Here at Cat Care Center, we believe a stress-free vet visit begins at home. Cats are most comfortable in their familiar surroundings, and they need time to adjust to new things. A visit to the veterinarian poses many new experiences for your cat, such as getting into the carrier, a car ride, new sights, sounds, and smells, and being handled by unfamiliar people. Here are some tips to help make you and your cat's visit to Cat Care Center an enjoyable experience.

  • Call us ahead of time to discuss your cat's personality with our feline friendly staff so we can better accommodate you and your cat. We'd also be happy to answer any questions you may have regarding your cat's upcoming visit!
  • Stay calm. Cats can sense our anxieties. We all know, when you simply think about the vet, your cat disappears under the bed!
  • It's a good idea to grab a fecal sample out of the litter box before coming in for a visit. This is especially important if your cat is coming in for their annual check up and vaccinations, or if they are having any diarrhea or vomiting. We will use this sample to test for intestinal parasites instead of having to get one from your cat in-hospital. While it's best to get a sample from the specific cat coming in for a visit, we understand that it's not always possible in a multi-cat household and will accept a sample from any cat in the home, since any parasites present are likely to have infected all cats.
  • Come prepared with a list and/or photos of all food, treats, medications, and supplements that your cat gets on a regular basis, as diet and nutrition is one of the most important aspects of feline care. To make your visit easier, you can fill out our New Client Form and Diet History Questionnaire under Forms in the Client Center tab.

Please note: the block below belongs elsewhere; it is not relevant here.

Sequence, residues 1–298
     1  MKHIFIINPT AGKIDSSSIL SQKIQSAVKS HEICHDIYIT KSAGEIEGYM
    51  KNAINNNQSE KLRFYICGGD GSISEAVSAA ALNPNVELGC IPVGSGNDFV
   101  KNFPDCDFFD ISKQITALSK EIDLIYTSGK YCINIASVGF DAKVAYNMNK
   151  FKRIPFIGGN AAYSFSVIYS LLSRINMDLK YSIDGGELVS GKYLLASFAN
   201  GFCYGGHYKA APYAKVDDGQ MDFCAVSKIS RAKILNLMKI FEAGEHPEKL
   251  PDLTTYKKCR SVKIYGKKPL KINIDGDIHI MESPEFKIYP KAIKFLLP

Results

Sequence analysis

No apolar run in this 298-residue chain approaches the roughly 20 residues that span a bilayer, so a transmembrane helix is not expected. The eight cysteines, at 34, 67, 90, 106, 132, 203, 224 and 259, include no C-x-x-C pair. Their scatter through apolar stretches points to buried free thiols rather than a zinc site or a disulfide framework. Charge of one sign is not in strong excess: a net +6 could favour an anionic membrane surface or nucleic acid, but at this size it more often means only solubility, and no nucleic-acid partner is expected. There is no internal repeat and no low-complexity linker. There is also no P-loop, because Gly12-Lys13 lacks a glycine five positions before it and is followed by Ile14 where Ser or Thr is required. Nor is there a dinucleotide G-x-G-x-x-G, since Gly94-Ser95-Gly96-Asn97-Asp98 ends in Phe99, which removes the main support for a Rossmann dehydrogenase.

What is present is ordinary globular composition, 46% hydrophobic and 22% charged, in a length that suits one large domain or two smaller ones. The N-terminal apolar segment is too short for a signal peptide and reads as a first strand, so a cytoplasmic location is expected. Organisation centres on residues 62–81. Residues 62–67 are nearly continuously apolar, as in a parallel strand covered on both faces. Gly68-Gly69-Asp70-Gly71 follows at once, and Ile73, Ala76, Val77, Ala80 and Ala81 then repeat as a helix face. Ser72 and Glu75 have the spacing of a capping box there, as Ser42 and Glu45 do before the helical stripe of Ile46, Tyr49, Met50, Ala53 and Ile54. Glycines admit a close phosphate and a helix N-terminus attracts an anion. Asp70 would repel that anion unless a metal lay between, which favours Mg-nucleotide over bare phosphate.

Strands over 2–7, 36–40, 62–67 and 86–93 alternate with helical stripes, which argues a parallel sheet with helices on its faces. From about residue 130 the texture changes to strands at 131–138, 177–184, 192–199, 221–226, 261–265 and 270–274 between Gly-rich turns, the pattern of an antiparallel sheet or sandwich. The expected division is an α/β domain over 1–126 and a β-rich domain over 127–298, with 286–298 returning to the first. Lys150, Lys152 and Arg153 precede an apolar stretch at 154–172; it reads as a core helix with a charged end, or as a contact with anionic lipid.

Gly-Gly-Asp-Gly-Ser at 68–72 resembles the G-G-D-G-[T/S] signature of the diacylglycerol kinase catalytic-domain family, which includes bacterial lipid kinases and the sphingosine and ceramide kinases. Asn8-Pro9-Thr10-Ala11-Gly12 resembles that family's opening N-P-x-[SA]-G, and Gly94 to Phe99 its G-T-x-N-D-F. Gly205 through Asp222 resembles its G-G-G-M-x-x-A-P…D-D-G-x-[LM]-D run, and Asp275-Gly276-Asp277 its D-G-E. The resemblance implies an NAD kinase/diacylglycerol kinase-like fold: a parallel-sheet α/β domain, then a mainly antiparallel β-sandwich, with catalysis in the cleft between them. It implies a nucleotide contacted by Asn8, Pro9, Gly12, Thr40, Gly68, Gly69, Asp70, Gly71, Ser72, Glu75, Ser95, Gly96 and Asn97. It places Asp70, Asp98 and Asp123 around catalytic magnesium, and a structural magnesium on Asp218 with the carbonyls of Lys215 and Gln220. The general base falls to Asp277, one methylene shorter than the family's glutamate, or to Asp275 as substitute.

Choosing a Carrier

The best carriers are made of hard plastic or have a sturdy frame. It is a good idea to purchase a carrier that has a top-entry and front-entry door. It's also important that your carrier has a top that can be easily removed. This way they can remain in the bottom of their carrier during our physical exams if they prefer. If your cat has had previous bad experiences with their carrier, it may be necessary to buy a new carrier to have a fresh start.

Help your cat feel secure in the carrier by placing familiar bedding, toys, treats, etc. in it. This will help your cat associate the carrier with a positive experience. Spray the bedding and carrier with Feliway spray, allowing 15 minutes for the spray to dry before letting your cat enter.

Things to avoid when choosing a carrier:

  • Backpack carriers. It is recommended to avoid these carriers due to lack of space. These carriers create unsteady movement during transport, and they leave your cat visually exposed which can be very stressful to our feline friends.
  • Fabric carriers. Fabric carriers are hard to clean, and they can collapse when opening causing stress on the cat.